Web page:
The Politics of Passing Health Care

The meaning of the approaching final vote on health care has changed since the halcyon early days of the Obama presidency when progressives experienced a hope and optimism unheard of in recent decades. The final vote on health care was supposed to be a cause for celebration as a progressive goal going back at least half a century was finally to be realized. It was supposed to be the most significant piece of progressive domestic legislation in many of our lifetimes. All of that changed late last year when Obama compromised away the public option and the expanded Medicare proposal. The last minute efforts to reinsert the public option felt more like death spasms for that possibility, rather than a serious chance of reinvigorating the bill.

Now passing the health reform bill will be a moment to breathe a sigh of relief, not so much due to the highly questionable content of the bill itself, but because the nasty and seemingly never-ending debate will have finally ended and because the Obama administration will have survived the process, albeit barely.

It is too early to tell how this bill will affect the more than 45 million uninsured Americans. It is certainly possible that at least some of these people will move from being uninsured to being uninsured and in violation of the law because they cannot buy insurance. The bill may, in fact, make slight improvements for many people but it is unlikely that it will radically reform health care, solve the pressing problem of tens of millions of uninsured Americans or weaken the grip of the insurance companies on much of the health care sector.

Nonetheless, passing the bill remains important and will be a significant moment in the Obama presidency, but because of politics, not health care. The bill is deeply flawed; and those arguing that it can be reformed after it passes are letting hope triumph over evidence, but passing the bill is still necessary. If the bill fails, the Obama presidency will be that much closer to being unsalvageable. Unfortunately, passage of the bill will not be a major victory for the Obama presidency, but it will allow Obama to live to fight another day. That is reason enough, and perhaps the only real reason, why passage of this bill is important.

Should the bill pass in the next week or two, it will not be a time for progressives to celebrate, but it will also not be a victory for Glenn Beck, the Tea Partiers, Rush Limbaugh and other right-wing opponents of President Obama. Passing the bill will demonstrate that the Democrats can get something done in Washington, that given a majority in both houses of congress and control of the White House, the Democrats can push through some legislation. Simply demonstrating this is important because the evidence from the late 1970s, early 1990s and, yes, first fourteen months of the Obama administration suggests the Democratic Party is not able to pass legislation when they are in control in Washington, or to put it more succinctly, govern.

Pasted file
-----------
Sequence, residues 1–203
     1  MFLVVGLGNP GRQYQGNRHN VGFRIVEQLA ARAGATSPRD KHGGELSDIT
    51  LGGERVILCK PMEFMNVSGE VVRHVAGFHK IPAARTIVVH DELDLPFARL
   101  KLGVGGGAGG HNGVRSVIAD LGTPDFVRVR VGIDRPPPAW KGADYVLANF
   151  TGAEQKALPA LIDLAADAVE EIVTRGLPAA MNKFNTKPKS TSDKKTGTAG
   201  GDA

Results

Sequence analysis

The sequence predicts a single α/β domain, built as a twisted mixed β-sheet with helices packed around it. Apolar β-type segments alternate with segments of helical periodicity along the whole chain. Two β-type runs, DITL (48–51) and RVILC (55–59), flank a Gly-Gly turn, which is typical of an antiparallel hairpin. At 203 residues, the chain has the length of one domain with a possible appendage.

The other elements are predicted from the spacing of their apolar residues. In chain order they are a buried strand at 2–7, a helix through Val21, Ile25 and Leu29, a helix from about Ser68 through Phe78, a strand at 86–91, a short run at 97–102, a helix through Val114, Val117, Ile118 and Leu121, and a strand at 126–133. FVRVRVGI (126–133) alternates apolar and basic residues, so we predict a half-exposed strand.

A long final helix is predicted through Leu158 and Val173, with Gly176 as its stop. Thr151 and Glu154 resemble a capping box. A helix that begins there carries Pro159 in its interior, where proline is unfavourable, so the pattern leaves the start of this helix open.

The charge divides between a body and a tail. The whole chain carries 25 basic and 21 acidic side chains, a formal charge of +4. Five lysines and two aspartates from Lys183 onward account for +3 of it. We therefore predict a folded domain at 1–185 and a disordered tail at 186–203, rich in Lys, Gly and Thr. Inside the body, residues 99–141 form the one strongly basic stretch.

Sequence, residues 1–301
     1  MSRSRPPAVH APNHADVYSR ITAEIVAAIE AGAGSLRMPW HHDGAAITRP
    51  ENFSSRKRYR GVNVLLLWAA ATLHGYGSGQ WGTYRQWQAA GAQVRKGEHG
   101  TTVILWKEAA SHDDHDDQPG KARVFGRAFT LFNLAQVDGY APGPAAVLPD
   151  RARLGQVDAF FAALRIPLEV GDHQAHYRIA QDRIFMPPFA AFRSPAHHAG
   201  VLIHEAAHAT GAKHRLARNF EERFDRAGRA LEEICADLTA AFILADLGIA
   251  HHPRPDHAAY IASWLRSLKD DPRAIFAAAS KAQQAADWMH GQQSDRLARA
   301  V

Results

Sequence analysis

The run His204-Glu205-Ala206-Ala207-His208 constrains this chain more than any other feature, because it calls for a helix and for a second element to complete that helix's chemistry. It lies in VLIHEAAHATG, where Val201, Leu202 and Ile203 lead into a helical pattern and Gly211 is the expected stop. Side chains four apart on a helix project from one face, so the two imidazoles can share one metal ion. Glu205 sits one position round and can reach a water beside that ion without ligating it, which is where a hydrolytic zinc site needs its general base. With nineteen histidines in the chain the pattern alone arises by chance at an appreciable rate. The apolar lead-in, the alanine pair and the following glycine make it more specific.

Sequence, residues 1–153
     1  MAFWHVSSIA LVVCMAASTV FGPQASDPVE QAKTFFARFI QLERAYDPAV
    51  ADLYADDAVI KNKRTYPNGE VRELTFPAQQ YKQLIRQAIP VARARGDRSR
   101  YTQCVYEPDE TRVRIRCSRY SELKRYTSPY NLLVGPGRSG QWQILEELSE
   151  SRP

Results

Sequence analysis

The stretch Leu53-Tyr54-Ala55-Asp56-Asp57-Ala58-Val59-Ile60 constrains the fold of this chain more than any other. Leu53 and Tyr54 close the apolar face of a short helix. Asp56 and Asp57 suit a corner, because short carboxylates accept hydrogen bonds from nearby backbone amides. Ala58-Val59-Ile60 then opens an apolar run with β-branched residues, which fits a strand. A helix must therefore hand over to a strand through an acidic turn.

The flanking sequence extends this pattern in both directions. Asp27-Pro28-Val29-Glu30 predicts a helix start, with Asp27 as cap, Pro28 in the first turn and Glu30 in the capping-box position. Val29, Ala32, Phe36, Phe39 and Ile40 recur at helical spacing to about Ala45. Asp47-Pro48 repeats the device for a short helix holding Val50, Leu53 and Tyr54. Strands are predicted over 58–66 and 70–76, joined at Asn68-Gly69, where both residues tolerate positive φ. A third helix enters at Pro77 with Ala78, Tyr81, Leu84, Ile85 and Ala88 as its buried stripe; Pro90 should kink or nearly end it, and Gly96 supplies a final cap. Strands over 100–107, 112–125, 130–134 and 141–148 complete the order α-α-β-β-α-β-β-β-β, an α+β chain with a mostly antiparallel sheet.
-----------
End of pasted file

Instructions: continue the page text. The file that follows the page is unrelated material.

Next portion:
In the unlikely event the health care bill fails, the consequences for the administration, and for what is left of progressive hopes in Obama, will be grave. The President has now twice -- once at the end of last year, and once in the last ten days or so -- more or less guaranteed the passage of this bill and made it his top domestic priority. By raising the stakes in this way, Obama has put unique pressure on progressive Democrats who have expressed hesitancy about supporting the bill because it does not include a public option or anything like it. These people are well positioned to understand that failing to pass the bill again will confirm the views of Obama's detractors who see Obama's presidency as becoming akin to Jimmy Carter's without the cardigans or Bill Clinton's without the peace and prosperity, and would almost certainly lead to greater Republican victories in November. It would also provide more fodder for those who question the raison d'etre of the Democratic Party altogether.

Sadly, the potential damage done to the administration, the Democratic Party and progressive politics more broadly by the failure of this bill are not matched by a significant upside for passing the bill. Passing this bill will not lead to major progressive victories in November; nor will it spur this administration on to more victories. However, it will keep the door open for that possibility. At this time, keeping that door open may be the best for which we can hope.

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